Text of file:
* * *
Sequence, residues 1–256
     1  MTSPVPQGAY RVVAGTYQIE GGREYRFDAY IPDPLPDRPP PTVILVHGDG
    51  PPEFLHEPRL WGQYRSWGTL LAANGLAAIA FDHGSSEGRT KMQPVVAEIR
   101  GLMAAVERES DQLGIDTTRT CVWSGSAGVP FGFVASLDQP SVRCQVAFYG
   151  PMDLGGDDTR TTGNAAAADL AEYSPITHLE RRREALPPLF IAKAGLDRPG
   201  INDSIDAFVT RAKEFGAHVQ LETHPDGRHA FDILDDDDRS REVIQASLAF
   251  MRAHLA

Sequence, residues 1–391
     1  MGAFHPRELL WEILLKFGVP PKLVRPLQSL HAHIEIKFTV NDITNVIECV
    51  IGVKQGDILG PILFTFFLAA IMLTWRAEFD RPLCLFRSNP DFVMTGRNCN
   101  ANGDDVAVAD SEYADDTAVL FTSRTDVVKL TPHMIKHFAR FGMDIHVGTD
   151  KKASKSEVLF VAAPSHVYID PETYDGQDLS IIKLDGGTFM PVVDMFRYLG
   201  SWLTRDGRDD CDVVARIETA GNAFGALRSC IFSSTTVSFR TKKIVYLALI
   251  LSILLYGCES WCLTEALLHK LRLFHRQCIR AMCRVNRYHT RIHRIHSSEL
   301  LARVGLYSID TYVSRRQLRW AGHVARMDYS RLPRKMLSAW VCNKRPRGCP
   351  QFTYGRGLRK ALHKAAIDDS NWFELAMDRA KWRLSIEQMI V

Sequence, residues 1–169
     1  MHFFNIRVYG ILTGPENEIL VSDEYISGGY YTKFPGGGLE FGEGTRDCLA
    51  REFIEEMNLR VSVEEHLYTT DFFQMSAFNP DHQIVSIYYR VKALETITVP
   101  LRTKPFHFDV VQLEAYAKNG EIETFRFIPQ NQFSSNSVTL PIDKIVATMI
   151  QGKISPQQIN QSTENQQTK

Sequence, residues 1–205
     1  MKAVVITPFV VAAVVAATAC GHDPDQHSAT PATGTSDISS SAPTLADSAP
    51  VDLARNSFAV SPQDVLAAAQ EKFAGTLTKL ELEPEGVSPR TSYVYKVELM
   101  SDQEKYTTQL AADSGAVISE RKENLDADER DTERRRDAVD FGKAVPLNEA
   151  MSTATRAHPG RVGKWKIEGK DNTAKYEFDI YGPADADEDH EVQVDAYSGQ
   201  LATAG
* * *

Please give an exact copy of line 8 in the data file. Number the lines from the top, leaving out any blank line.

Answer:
Sequence, residues 1–391